How You Can Help Save the Planet?
The Gulfport Library is hosting an event at 3 p.m. on Wednesday, March 22, for young eco-warriors – and those who are young at heart.
The library’s youth services librarian, Cailey Klasson, has put together a stellar lineup of speakers who will provide information about the numerous environmental challenges our planet faces in the coming years. Klasson said the presenters will talk about ways for young people can get involved in careers in fields such as biology and environmental science, as well as how all people can take action at the local level to help effect positive change.
“We are targeting teens with this event because they’re the future of our planet, but we welcome anyone to attend,” said Klasson.
Gulfport Mayor Sam Henderson is set to deliver opening remarks at the event in which he will discuss his personal background in environmentalism.
Other presenters will include Amanda Hagood of Eckerd College, who will discuss hands-on learning internships for students and teachers focusing on environmental issues; Daniel Hahn of the National Oceanic and Atmospheric Association (NOAA), who “will probably deliver some bleak news about our oceans,” said Klasson; and Keri Nelson, a Sarasota County employee who specializes in environmental policy.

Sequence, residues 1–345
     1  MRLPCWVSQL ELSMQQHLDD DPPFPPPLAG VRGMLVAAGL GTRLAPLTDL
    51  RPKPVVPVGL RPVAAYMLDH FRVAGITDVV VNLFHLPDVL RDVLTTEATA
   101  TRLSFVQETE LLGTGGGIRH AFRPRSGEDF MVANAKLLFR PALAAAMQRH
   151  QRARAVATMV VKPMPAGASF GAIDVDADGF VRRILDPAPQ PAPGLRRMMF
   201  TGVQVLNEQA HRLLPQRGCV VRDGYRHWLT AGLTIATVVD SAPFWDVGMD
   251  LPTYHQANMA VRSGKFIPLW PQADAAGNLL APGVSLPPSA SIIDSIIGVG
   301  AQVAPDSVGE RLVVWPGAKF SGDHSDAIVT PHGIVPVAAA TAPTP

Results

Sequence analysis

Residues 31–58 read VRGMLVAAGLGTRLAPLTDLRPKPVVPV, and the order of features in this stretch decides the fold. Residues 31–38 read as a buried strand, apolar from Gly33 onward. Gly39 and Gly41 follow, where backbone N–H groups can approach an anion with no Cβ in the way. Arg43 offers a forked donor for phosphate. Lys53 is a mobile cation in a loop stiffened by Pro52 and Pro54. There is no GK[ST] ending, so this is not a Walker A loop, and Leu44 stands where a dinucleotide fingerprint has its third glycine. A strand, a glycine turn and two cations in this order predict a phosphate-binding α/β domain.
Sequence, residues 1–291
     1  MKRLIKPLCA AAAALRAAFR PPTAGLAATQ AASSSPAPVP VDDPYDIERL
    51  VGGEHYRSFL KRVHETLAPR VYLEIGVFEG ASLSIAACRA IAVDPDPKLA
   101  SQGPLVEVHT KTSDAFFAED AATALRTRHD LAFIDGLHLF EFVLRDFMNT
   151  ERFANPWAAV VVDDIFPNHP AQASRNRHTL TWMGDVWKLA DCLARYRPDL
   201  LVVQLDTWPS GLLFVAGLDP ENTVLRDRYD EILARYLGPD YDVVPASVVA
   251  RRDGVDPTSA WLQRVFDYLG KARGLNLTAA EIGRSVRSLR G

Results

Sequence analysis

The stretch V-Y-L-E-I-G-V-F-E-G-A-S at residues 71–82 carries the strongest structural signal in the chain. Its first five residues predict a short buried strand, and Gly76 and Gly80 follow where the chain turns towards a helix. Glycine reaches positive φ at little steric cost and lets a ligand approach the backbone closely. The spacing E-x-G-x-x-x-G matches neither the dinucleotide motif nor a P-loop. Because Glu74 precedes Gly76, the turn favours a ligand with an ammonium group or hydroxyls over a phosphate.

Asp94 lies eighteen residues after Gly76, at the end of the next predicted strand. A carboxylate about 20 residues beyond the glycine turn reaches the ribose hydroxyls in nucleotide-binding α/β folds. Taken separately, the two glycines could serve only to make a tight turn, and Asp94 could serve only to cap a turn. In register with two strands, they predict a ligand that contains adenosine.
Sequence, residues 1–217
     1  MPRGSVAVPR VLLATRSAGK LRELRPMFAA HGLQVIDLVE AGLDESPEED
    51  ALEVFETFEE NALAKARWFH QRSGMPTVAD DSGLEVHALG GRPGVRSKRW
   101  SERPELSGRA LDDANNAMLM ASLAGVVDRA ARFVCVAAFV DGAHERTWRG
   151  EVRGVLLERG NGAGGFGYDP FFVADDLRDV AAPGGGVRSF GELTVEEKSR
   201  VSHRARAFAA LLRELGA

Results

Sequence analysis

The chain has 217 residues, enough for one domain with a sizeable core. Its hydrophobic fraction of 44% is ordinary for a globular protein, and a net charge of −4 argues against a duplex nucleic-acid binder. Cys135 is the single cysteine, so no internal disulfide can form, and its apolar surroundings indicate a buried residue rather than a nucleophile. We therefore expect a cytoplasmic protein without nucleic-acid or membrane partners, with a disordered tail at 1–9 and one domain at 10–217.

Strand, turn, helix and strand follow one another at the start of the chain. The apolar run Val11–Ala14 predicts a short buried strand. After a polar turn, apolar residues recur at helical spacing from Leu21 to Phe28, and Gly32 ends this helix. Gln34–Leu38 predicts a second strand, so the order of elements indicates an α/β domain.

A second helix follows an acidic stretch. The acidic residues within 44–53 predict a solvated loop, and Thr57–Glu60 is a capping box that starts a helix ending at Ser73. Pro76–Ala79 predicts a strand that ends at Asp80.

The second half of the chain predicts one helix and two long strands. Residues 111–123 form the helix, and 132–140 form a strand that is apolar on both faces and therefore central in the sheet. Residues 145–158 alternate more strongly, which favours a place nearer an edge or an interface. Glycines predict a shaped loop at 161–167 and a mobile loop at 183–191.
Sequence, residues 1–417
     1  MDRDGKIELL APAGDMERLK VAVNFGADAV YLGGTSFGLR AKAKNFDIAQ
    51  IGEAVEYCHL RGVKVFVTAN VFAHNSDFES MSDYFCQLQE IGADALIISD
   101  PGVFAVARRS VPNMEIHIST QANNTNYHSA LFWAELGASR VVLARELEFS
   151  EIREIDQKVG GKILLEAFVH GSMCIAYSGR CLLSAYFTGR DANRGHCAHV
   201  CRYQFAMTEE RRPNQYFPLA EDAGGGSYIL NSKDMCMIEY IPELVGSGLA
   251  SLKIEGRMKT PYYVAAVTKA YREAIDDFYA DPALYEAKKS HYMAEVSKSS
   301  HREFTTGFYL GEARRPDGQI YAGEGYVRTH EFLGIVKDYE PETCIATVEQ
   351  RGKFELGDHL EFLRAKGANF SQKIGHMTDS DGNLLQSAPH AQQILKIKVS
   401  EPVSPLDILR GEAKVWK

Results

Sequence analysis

The lineup will also featur Jordan Findley of Tampa Bay Watch with a very special guest— Palm, a diamondback turtle who serves as the organization’s animal ambassador.
Findley, 26, is Tampa Bay Watch’s environmental education specialist. She grew up in Indiana but moved to Florida to pursue a career in environmental science. She graduated from Miami University of Ohio with a bachelor’s degree in zoology and a master’s degree in biological sciences.
“I knew since eighth grade that science was for me,” Findley said. “I knew I was interested in animals and animal science. I visited SeaWorld in senior year of high school and fell in love with the marine world.”
Findley says she’s passionate about not only helping the environment, but also inspiring the next generation of the planet’s caretakers.
“I don’t want to go through a single day without making some kind of positive impact,” she said, “and in environmental science, you often see the impacts immediately. Also, environmental education is so important because if we don’t have environmental stewards in the future, what are we fighting for?”
Findley said her presentation will touch on the importance of estuaries and estuary health to the environment. “Palm will probably be way more interesting than I am,” she joked. Findley also plans to talk about the many resources – ranging from weekend volunteer opportunities to summer camps and internships – that Tampa Bay Watch has to offer aspiring young environmentalists.
For more information, contact Klasson at 727-893-1074 or firstname.lastname@example.org.